From her pedestal in the middle of Mexico City, the Angel of Independence looked upon the words “They are killing us” and “No to Silence,” written in white letters measuring several feet high. Journalists were protesting against the death of well-known colleague Javier Valdez Cárdenas who was killed on May 15 of this year in Sinaloa.
This article is part of the book, "Innovative Journalism in Latin America," published by the Knight Center for Journalism in the Americas, with the help of Open Society Foundations' Program on Independent Journalism.
Metadata? Encryption? Backdoor? Tor Browser? VPN? PGP? When it comes to digital security for journalists, the amount of technical terms and acronyms can be scary. But tools to ensure online privacy can be crucial to protecting sources, which is why the site Privacidade para Jornalistas (Privacy for Journalists) has been launched in Brazil.
The recent signing of a resolution by the General Assembly of the Organization of American States (OAS) is now part of the working arguments used by the Office of the Special Rapporteur for Freedom of Expression of the Inter-American Commission on Human Rights (IACHR).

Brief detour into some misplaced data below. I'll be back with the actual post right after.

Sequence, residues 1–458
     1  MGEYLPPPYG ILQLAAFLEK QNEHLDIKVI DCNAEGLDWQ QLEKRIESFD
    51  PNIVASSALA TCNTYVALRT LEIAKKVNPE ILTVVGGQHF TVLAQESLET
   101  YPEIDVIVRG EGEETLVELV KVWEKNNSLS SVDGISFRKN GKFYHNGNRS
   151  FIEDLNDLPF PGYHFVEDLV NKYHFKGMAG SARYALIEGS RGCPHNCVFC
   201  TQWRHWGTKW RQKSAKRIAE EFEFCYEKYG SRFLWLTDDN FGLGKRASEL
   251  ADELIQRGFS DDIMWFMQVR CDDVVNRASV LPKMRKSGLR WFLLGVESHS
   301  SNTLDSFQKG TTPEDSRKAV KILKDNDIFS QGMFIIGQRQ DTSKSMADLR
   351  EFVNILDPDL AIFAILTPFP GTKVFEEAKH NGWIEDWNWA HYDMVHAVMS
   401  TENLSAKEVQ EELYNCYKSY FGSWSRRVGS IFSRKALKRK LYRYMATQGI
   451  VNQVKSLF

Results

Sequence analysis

In response to allegations of 23 journalists injured during police repression of social protests in Paraguay, the government of that country announced the coming adoption of a security protocol for journalists at risk.
May 26 marked 56 days of continuous protests against Venezuelan President Nicolás Maduro, during which journalists face aggression from police, armed collectives and protesters alike.
Digital media sites are growing and many are becoming profitable — transforming, in every sense, the way journalism is made and consumed in Latin America. This was one of the most important findings of the study “Inflection Point,” that analyzed 100 digital media ventures from four Latin American countries, conducted by the organization SembraMedia with support from Omidyar Network.
Seven national and international journalists were assaulted and robbed of their belongings and work equipment allegedly by a local criminal gang in Guerrero, Mexico on May 13, several media outlets reported.
SIP Alert, a mobile phone app currently in its pilot phase, is an initiative developed by newspaper El Universal and TV Azteca of Grupo Salinas in Mexico, to be used by journalists from the 1,300 media outlets across Latin America affiliated with the Inter American Press Association (IAPA).
2016 was a critical year for the exercise of journalism in the world, according to the annual reports of three international organizations that promote freedom of expression and the press.